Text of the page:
Giramondo has launched its ‘Southern Latitudes’ series, which focusses on ‘innovative fiction and nonfiction by writers of the southern hemisphere’, including Southern Africa, New Zealand, the South Pacific and South America, where there is ‘a common historical background in colonisation, an awareness of the complex relationship between our Indigenous and migrant populations, and a shared experience of living in southern latitudes, under southern skies, to the rhythm of southern seasons’. The first book in the series is All My Goodbyes by Argentinian writer Mariana Dimópulos (trans by Alice Whitmore).

Film and TV

Fox Searchlight has optioned the film rights to Two Steps Forward (Text Publishing)—a novel about romance and renewal on the Camino de Santiago by husband-and-wife writing team Graeme Simsion and Anne Buist. Ellen DeGeneres and Jeff Kleeman will produce the film through their company A Very Good Production. Rights to the novel have already been sold in the US, UK and other territories.

Other recent rights sales of Australian titles include:

Fiction

  • Allen & Unwin has sold rights to Sarah Bailey’s debut crime thriller The Dark Lake in the following territories: US rights to Grand Central Publishing; UK rights to Atlantic; simplified Chinese rights to Beijing White Horse Time and Culture; Italian rights to Edizioni Piemme; and German rights to C Bertelsmann.
  • Black Inc. has sold UK rights to Ryan O’Neill’s Miles Franklin Literary Award-shortlisted satirical novel Their Brilliant Careers to Eye Books.

Nonfiction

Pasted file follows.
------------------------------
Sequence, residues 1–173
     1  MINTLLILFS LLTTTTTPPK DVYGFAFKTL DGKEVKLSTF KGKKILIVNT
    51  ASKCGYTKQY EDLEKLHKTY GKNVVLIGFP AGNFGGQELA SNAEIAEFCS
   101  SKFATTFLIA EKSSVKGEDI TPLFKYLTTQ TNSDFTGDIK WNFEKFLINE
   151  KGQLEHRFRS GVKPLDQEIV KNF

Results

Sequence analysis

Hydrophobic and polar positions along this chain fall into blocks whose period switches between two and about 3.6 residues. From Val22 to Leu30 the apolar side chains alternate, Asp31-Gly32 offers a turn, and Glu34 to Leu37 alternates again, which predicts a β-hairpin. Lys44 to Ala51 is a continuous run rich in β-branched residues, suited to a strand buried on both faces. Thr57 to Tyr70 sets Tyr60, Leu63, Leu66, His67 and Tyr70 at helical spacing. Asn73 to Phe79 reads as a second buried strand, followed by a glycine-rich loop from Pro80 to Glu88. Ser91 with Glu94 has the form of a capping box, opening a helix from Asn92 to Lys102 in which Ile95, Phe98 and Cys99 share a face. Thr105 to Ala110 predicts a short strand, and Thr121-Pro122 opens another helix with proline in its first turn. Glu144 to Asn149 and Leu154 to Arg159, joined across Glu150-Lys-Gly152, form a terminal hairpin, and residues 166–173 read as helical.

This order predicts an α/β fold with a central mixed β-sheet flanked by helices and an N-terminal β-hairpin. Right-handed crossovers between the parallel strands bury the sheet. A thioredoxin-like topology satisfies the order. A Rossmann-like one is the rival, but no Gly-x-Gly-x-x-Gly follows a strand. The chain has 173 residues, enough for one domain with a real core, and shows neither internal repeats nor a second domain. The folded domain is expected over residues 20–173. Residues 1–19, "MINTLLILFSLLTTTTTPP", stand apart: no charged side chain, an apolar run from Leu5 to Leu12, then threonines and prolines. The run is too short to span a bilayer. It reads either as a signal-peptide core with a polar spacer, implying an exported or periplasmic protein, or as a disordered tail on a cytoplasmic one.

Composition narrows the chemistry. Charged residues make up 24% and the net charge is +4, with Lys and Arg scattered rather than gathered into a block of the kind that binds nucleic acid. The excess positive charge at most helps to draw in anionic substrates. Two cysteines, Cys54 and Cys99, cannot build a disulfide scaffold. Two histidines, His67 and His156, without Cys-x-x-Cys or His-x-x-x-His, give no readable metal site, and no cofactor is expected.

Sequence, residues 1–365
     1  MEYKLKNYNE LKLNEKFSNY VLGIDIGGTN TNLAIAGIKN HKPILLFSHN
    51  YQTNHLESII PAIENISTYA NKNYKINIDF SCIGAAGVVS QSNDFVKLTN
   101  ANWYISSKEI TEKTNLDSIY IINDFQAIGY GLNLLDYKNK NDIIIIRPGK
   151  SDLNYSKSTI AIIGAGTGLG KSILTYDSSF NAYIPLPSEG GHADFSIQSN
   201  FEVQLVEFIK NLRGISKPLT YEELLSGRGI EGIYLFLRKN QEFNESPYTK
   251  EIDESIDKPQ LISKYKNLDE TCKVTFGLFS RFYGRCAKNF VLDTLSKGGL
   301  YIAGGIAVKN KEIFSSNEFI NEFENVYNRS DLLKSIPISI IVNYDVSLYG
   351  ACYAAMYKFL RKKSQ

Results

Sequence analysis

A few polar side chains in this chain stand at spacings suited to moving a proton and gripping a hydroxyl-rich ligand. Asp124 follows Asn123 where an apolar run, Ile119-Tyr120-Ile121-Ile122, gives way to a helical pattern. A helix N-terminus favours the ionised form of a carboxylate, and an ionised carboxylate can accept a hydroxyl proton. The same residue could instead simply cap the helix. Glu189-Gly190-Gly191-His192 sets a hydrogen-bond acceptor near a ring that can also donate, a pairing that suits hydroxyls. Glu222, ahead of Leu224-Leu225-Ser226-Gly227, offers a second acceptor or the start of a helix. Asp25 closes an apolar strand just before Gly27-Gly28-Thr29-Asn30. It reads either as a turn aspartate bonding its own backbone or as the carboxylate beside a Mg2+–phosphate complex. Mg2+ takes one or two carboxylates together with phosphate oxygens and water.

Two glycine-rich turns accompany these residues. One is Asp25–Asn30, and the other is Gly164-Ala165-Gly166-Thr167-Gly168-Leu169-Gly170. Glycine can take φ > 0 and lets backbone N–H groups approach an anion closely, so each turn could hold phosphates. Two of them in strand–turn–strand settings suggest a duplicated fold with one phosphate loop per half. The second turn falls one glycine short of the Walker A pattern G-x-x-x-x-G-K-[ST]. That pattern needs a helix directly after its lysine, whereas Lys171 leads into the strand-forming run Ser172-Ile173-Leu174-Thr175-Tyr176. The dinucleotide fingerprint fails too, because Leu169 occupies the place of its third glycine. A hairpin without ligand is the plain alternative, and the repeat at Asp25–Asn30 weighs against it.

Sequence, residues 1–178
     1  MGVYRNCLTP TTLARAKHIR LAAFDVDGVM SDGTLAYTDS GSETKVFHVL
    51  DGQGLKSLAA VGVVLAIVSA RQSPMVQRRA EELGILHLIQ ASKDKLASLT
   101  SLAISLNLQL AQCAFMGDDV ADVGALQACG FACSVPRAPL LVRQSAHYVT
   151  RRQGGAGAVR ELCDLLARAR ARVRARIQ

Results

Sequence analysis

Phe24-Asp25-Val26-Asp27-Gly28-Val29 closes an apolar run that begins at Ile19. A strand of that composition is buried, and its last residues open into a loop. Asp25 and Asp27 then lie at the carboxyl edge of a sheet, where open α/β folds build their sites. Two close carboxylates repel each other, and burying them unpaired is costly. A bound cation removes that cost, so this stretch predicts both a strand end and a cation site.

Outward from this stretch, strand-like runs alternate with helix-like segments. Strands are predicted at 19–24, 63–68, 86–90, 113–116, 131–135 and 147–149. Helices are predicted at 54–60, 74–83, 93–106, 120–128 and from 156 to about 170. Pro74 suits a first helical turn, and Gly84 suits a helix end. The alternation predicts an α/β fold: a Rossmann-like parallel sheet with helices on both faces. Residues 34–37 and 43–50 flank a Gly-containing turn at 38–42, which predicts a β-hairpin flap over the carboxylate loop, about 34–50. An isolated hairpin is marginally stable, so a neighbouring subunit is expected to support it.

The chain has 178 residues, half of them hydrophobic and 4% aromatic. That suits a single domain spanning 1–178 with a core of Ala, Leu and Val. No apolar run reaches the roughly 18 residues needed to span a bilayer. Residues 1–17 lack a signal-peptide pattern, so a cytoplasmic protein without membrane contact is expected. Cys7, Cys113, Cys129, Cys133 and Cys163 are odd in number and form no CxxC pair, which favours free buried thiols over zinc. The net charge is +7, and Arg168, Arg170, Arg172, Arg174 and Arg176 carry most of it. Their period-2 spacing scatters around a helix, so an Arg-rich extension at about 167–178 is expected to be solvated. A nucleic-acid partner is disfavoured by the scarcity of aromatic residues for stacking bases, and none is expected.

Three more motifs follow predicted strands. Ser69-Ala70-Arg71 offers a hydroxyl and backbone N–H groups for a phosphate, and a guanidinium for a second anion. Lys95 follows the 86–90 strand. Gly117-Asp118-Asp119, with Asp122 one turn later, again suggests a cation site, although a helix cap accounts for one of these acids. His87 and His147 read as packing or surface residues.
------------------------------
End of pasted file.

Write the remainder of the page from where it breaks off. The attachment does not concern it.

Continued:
• NewSouth Books has sold world rights (ex ANZ) to Peter Monteath’s Escape Artist—the true story of World War II escape artist extraordinaire Johnny Peck—to Pen & Sword Books.

For the latest Australian rights sales and acquisitions news, click here.

 

‘Extinctions’ wins prestigious Miles Franklin Literary Award

Josephine Wilson has won Australia’s most prestigious literary prize, the Miles Franklin Literary Award, for her novel Extinctions, published by Western Australia–based small press UWA Publishing. The judging panel described Extinctions as ‘compassionate and unapologetically intelligent’. ‘In Extinctions, Josephine Wilson explores ageing, adoption, grief and remorse, empathy and self-centredness. The novel is a meditation on survival: on what people carry, on how they cope, and on why they might, after so much putting their head in the sand, come to the decision to engage, and even change.’ UWA Publishing director Terri-ann White said ‘emails started an hour after the announcement from publishers known and unknown checking on available rights’.

Jane Harper’s bestselling debut The Dry (Macmillan) has been honoured at the Ned Kelly Awards for Australian crime writing and the Davitt Awards for crime books by Australian women. The judges of the Ned Kelly Awards described The Dry as ‘reminiscent of Wake in Fright’s claustrophobic atmosphere, deftly plotted, pacey and compulsively readable’. Among the other winners was Irish-Australian author Adrian McKinty’s Police at the Station and They Don’t Look Friendly (Serpent’s Tail), the sixth book in the author’s ‘Sean Duffy’ series; and Cath Ferla’s debut novel Ghost Girls (Echo).

Avril Tremayne’s romance novel Escaping Mr Right (Random House) has taken out the top prize at the Romance Writers of Australia’s Romantic Book of the Year awards.

Finally, Australian bookseller Readings has announced the shortlist for its New Australian Fiction Award, which recognises ‘exciting and exceptional new contributions to local literature’.

 

Introducing Henry Rosenbloom

Henry Rosenbloom is the founder and publisher of Melbourne’s Scribe Publications, which specialises in ‘narrative and literary nonfiction on important topics, and the best of local, international and translated fiction’. Rosenbloom spoke to Think Australian about his acquisitions work.

What percentage of Scribe’s list is international titles—and what percentage is English language vs translated titles?

This fluctuates all the time, but at the moment our international titles represent just under 60% of our list, and translated titles comprise around one-quarter of that list.

How do you find out about new international titles and go about acquiring the rights?